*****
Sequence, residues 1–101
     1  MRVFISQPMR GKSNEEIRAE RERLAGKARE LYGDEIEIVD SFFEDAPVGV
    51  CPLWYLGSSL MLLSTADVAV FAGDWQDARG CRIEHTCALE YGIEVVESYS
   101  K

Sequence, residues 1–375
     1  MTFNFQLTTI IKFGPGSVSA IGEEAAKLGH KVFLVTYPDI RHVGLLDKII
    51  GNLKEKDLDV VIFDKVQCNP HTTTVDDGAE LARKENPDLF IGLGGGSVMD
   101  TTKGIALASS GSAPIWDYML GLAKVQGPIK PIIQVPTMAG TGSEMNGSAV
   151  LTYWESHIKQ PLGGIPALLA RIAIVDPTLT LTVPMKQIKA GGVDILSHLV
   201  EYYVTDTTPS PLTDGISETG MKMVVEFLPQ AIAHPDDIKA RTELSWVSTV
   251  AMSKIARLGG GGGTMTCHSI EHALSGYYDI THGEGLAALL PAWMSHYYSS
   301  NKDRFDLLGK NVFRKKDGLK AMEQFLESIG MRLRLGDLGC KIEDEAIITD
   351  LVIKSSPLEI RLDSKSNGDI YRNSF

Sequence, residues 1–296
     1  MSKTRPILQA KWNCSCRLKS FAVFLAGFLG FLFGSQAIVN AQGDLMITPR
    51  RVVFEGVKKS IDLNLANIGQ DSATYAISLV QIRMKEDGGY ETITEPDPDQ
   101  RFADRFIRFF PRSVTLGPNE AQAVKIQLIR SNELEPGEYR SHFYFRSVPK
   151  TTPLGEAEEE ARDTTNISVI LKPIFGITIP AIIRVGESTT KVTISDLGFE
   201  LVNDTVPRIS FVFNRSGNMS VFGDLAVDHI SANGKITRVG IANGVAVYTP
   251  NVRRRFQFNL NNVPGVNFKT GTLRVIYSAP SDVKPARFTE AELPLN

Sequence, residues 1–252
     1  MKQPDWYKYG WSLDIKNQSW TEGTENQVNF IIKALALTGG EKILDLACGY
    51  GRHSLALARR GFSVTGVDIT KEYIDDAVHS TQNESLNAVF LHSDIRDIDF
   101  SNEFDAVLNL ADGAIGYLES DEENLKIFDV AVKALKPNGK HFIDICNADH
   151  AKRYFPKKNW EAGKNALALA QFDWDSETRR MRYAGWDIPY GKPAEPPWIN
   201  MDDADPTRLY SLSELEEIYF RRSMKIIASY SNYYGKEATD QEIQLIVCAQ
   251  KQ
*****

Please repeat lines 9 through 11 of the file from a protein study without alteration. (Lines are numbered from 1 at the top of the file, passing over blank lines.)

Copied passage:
   151  LTYWESHIKQ PLGGIPALLA RIAIVDPTLT LTVPMKQIKA GGVDILSHLV
   201  EYYVTDTTPS PLTDGISETG MKMVVEFLPQ AIAHPDDIKA RTELSWVSTV
   251  AMSKIARLGG GGGTMTCHSI EHALSGYYDI THGEGLAALL PAWMSHYYSS